Los Angeles Times - 08/22/1994
"...[A] radiant, sublime dream of a film....THE MIRROR can be regarded as the work of a man who has found his voice and learned to express himself in his own powerful way..."
Sight and Sound - 11/01/2002
"...Like Sokurov, Tarkovsky has an extraordinary ability to imbue landscape with a lyrical and evocative quality..."
With THE MIRROR, legendary Russian filmmaker Andrei Tarkovsky crafts perhaps his most profound and compelling film. What started off for Tarkovsky as a planned series of interviews with his own mother evolved into a lyrical and complex circular meditation on love, loyalty, memory, and history. Time shifts and generations merge as a single extraordinary actress (Margarita Terekhova) plays the narrator's former wife as well as his mother. Tarkovsky's memories as well as those of his mother are intermingled as a dark, sumptuous, and dreamlike pre-World War II Russia is evoked, accompanied throughout by the voice of Tarkovsky's father reading his own elegiac poetry. The spectacle of nature and its ubiquitous and ever-shifting presence is captured by Tarkovsky's camera as if by magic--the family cabin nestled deep in the verdant woods, a barn on fire in the middle of a gentle rainstorm, a gigantic wind enveloping a man as he walks through a wheat field--all creating indelible images with deep if mysterious emotional resonance. As the timeline shifts between the narrator's generation and his mother's, newsreel footage of Russian wars, triumphs, and disasters are juxtaposed with imagined scenes from the past, present, and future, crafting a silently lucid cinematic panopticon of memory, history, and nature.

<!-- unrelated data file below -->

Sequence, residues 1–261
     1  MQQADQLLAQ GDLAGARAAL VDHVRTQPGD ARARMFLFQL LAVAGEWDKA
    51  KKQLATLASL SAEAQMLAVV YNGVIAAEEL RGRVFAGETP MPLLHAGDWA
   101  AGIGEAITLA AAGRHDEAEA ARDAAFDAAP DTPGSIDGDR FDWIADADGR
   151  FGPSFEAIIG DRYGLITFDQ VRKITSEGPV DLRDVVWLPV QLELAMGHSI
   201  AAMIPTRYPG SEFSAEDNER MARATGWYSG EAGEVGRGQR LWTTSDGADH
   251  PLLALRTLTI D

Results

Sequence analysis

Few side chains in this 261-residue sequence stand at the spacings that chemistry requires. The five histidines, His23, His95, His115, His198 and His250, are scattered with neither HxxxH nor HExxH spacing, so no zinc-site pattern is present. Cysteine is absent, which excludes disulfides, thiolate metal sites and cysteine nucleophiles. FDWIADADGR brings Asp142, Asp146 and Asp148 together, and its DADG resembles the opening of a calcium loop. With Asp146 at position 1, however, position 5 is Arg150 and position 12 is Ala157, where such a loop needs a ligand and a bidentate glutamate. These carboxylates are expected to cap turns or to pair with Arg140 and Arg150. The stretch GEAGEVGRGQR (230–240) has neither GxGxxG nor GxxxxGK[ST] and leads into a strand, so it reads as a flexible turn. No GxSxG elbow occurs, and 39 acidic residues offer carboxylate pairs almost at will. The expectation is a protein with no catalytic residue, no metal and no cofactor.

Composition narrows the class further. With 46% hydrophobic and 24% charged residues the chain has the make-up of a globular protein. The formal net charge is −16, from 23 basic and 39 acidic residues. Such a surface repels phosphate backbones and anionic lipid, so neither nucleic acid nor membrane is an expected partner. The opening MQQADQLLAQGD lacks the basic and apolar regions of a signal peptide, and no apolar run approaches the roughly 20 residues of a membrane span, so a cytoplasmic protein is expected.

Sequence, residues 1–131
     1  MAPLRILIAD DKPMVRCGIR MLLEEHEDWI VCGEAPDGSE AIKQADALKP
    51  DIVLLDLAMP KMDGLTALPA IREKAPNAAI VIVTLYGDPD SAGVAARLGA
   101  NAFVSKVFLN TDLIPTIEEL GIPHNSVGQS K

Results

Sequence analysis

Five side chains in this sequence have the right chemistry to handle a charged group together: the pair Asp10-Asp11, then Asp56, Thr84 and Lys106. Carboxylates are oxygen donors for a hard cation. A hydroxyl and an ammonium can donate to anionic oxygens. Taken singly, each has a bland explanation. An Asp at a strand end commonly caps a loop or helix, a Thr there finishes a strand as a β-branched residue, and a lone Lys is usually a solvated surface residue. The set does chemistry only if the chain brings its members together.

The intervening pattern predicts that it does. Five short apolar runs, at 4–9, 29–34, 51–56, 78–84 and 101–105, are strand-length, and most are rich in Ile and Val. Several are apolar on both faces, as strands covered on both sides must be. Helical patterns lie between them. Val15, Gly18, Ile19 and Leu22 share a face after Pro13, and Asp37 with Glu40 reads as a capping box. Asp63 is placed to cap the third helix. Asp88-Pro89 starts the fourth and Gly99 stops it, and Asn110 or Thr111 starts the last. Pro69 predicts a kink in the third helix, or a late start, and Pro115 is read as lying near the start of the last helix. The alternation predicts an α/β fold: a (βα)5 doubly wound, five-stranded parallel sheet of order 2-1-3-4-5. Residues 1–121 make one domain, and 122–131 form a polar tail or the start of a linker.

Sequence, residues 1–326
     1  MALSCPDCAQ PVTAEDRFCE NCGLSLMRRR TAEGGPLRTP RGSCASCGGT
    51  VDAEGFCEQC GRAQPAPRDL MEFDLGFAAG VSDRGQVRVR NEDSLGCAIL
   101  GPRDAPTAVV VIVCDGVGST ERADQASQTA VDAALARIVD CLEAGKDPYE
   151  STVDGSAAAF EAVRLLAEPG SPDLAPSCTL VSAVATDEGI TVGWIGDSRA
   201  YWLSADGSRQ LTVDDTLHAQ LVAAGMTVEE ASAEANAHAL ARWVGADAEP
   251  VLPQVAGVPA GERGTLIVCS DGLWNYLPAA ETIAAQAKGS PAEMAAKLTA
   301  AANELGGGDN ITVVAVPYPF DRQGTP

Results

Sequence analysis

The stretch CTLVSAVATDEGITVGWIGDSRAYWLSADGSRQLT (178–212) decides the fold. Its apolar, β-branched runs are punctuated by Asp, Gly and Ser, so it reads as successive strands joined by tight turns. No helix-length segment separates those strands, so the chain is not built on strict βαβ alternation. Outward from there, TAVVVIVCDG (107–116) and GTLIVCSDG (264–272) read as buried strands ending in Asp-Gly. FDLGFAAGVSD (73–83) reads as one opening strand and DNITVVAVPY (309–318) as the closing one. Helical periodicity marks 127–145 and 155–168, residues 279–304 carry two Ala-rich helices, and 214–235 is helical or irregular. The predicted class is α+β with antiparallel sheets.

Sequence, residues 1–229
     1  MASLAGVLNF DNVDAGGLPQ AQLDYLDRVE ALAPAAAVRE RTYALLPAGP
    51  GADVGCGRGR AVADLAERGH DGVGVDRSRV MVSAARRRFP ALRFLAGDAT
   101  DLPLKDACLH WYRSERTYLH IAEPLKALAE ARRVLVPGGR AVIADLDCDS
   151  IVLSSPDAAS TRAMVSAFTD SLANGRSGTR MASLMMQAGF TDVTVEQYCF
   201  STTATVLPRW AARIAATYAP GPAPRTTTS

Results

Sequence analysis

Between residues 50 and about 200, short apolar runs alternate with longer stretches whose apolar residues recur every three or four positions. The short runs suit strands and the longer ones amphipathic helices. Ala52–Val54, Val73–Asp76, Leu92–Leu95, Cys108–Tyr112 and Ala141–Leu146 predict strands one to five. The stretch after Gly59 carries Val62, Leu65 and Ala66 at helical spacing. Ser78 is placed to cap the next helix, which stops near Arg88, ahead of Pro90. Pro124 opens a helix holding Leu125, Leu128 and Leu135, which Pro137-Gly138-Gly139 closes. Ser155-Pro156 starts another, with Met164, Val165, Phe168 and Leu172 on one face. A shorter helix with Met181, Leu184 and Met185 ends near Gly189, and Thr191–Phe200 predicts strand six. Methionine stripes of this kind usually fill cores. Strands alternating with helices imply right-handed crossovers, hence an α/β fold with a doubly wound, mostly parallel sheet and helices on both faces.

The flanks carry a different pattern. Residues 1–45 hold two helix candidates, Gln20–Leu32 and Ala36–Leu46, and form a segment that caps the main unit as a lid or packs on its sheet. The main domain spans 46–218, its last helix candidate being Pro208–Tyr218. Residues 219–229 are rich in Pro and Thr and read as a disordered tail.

In THE MIRROR, director Andrei Tarkovsky offers a stunning confession of his own life as a broken mirror, intertwining painful childhood memories with adult realities and hallucinatory dream sequences with hard-edged newsreel footage.
Art / Artists |
THE MIRROR had been proposed as director Andrei Tarkovsky's second film, but he decided to make SOLARIS first because it was more acceptable to the Russian censors.
Tarkovsky had planned to use hidden camera interviews with his mother as the basis for THE MIRROR, but later decided that this tactic was problematic.
The summer cabin depicted in THE MIRROR was based on a photograph of Tarkovsky's childhood cabin and in fact was built on the exact spot where the actual cabin had stood.
Tarkovsky's mother plays the older version of herself in THE MIRROR.
Tarkovsky's father reads his own poems throughout the film.
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